The Ties that Bind
I needed forty feet of cloth-covered cord for the Prairie Skin in order for each side to have two ten-foot cords. I suppose I thought that if one took the trouble to make a wrapping cloth for a human body, it ought not to come unwrapped. So, I needed 40 feet of bias strips of cloth to make the cords.
I printed more fabric:
I cut bias strips:
All I had to do was sew the bias strips together into ten foot lengths . I knew I didn’t want to be paralyzed by indecision so I used the John Cage method: I took advantage of chance by throwing all the strips into a box, mixing them up and drawing them out one by one.
I used 3/32” cotton cording to make the cords, having tested, and rejected, 1/2” cording, 3/8” cording and 1/4” cording.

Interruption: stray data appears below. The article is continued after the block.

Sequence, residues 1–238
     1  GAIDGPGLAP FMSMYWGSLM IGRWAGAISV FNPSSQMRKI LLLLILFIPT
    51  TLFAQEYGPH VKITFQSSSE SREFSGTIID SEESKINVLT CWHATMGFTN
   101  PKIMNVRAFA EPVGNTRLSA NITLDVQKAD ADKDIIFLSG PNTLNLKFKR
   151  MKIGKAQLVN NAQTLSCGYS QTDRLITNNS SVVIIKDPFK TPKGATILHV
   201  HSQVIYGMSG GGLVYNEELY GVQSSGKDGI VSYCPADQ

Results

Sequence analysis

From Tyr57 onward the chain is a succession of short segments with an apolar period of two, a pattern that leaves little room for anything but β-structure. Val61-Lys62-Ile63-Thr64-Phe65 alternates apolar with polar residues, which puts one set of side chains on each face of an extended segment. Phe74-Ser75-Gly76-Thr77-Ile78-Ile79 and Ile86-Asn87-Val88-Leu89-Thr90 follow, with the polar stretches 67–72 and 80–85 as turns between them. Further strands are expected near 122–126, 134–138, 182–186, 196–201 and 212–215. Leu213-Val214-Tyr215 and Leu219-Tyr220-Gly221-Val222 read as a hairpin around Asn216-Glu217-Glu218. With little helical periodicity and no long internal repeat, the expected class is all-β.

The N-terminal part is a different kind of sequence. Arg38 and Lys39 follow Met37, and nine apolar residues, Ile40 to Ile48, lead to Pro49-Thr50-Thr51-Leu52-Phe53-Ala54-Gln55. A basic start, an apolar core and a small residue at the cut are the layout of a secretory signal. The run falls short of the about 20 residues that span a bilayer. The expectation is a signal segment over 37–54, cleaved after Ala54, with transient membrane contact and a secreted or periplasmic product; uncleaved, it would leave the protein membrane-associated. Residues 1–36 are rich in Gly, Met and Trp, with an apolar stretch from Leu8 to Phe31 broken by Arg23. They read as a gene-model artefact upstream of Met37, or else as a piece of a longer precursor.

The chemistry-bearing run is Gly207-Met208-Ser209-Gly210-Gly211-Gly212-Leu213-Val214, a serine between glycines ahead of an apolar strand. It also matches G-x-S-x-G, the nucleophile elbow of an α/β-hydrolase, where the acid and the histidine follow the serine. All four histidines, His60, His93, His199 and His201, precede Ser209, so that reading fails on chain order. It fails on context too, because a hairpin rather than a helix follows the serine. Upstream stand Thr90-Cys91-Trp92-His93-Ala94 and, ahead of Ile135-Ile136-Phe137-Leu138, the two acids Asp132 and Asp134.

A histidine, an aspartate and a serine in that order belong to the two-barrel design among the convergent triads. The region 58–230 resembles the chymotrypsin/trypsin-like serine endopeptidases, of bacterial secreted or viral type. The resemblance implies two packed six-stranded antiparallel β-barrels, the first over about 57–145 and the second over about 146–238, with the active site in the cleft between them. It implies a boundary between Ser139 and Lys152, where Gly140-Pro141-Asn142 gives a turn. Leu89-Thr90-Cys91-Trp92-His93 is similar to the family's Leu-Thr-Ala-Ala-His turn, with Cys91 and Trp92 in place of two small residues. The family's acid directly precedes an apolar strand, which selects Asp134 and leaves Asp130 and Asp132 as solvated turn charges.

I chose the cording method where you sew the fabric (inside out) around a cord that’s twice as long as what you need and then turn the fabric right side out upon itself along the empty cord.
Turning a foot of cord inside out is easy. Turning ten feet of cord inside out is not. I have a high capacity for tediousness* but I now regard any activity that requires the use of non-slip gloves AND locking pliers to be very close to drudgery .
“Blessed be the tie that binds” goes the hymn we sang at one of those Wellesley College chapel events we had to go to.
These ties may not be blessed but they were hard won.
*I found the sculptor Jackie Winsor when I first started studying sculpture in the ’80s and that may have been unfortunate because she said that she could spend six months worrying about a quarter of an inch and so her work gave me permission to be obsessive. This is of course not her fault. And, if we wished to re-frame “obsessive” more positively, we could call it “painstaking.”